Stuart Hawkins’ “Blue Eyes”
Maybe I’m getting older and jaded, but it’s been a long time since I’ve opened a book and gone, “wow”, page after page. Last week, Bill handed me “Blue Eyes” by Stuart Hawkins. I hadn’t seen anything like it. I immediately thought, “why haven’t I seen these before?”
The book came out in 2006, has an introduction from Joel Sternfeld, and is unbelievable. Why? Because Hawkins’ portraits and streetscapes from Nepal aren’t your typical slice-of-life 3rdworld-through-westerner’s-eyes photographs. She collaborates with her Nepalese friends to achieve images that speak to globalism, worship for all-things-American, and generally tackle heavy, cross-cultural issues with a lightness, a wink, and an admirable sense of humor.
There was a show of her work at Zach Feuer Gallery in NYC, who’s archived the jpgs on their site. Apparently she was part of a show at Quality Pictures in Portland this year, a gallery run by an ex-Atlantan, which is how the book ended-up in my hands.
Like anything, her photos suffer on the web. I find that each time I open “Blue Eyes” I see something new, something unexpected. Stuart also makes videos, apparently. Would love to see those.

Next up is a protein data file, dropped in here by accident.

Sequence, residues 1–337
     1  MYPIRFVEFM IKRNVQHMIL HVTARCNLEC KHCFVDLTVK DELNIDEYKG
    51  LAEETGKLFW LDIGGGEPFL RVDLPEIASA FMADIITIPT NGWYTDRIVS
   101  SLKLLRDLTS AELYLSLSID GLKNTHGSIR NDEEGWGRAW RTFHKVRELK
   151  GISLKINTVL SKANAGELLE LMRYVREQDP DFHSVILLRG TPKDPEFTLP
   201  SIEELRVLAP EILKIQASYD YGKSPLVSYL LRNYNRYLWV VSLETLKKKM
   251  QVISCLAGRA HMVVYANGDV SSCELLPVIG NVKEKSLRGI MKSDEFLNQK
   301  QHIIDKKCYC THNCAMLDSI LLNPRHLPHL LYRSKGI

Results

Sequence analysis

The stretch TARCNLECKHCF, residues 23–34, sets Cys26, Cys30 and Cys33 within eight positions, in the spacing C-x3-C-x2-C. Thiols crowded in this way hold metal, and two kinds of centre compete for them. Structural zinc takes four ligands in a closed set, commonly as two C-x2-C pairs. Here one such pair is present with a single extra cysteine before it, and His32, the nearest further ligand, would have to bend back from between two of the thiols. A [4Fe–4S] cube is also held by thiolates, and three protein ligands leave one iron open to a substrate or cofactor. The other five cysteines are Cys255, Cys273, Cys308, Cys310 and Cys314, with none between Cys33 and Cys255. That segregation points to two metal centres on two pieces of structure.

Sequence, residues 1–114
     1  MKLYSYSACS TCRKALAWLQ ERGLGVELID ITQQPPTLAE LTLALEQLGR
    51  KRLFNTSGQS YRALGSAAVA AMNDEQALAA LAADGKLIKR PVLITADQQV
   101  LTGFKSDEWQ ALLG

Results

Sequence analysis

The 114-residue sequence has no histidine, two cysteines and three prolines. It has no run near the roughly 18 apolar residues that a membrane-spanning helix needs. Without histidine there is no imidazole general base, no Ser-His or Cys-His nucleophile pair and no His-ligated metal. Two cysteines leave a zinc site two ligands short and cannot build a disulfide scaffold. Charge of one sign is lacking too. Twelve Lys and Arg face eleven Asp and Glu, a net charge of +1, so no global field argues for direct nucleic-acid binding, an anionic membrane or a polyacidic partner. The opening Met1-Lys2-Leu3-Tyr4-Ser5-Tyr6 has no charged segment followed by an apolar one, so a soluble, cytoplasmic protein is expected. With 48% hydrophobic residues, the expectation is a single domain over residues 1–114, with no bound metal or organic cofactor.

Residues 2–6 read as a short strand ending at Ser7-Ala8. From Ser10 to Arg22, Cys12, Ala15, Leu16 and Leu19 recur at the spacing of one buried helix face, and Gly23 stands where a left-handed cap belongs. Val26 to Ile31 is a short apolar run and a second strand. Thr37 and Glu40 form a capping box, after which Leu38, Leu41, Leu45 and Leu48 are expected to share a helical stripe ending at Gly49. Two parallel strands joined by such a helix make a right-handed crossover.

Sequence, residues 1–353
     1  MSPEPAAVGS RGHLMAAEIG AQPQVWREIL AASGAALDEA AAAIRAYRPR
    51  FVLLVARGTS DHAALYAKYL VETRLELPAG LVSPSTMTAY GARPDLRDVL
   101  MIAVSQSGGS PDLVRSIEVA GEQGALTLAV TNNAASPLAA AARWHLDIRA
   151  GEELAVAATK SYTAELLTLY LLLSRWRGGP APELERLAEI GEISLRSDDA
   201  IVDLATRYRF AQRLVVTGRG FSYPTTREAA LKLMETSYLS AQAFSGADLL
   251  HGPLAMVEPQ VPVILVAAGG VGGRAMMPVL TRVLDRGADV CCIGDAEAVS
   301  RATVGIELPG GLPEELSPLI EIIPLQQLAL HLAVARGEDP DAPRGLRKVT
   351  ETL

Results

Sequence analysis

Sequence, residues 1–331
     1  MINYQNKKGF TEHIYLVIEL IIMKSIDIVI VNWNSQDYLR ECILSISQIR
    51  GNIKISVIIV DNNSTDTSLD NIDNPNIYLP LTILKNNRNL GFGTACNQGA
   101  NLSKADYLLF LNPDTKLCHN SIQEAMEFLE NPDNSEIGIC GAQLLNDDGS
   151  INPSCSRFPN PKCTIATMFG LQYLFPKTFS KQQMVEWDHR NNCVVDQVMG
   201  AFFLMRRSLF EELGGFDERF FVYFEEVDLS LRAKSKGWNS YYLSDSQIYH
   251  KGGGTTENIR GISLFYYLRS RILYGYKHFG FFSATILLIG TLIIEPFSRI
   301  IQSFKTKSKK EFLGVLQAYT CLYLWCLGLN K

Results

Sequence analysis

If you think street photography is over and done or your eyes tire at seeing another picture that looks just like the last, take a look at Hawkins and guage what she’s doing to breathe life into the ordinary. She’s not afraid to stage things, and some of the photographs are partially staged, in which both parts reflect the other into a delightful mirror’d fun house kind of streetscape.
She doesn’t rely on the hyper-clarity of medium-to-large format cameras to deliver her vision, she creates the vision and hopes that the camera can keep up with her. It does, but barely. And that discrepancy pulls you further into her field.
I’m glad I’ve seen this work. It inspires. More, please. Thank you, Stuart.
For StartersWays of Working, a 10-step introduction to the ins-and-outs of street photography with only nine steps. Or, look at Resources & Discussions.
- New Winogrand Restrospective 2013-2015
- Chuck Patch Discovers Winogrand’s 1964 Worlds’ Fair Women at Boston Museum of Fine Arts
- A JPG Transcript of Jacques Derrida on Photography and Not Being Photographed
- Same Same But Different
- “Street Photography Now” Fails to Cite Sources
- Winogrand/Papageorge MIT Transcription
- Street Photography Now (printer’s proof)
- Reconsidering Winogrand
- Does Haiti’s Crisis Call for a New Photojournalism?
- Context for Papageorge “American Sports” Outtakes in HBO Documentary